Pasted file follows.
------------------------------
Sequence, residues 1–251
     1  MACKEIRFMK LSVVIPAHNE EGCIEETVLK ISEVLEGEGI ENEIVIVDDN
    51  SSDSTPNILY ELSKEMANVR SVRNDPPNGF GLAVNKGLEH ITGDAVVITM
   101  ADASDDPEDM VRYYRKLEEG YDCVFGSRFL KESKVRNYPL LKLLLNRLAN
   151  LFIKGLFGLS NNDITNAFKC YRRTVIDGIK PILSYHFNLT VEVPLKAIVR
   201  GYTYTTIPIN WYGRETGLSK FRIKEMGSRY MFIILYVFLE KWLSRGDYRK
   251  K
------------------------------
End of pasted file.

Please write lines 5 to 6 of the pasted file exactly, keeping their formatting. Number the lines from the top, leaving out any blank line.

   151  LFIKGLFGLS NNDITNAFKC YRRTVIDGIK PILSYHFNLT VEVPLKAIVR
   201  GYTYTTIPIN WYGRETGLSK FRIKEMGSRY MFIILYVFLE KWLSRGDYRK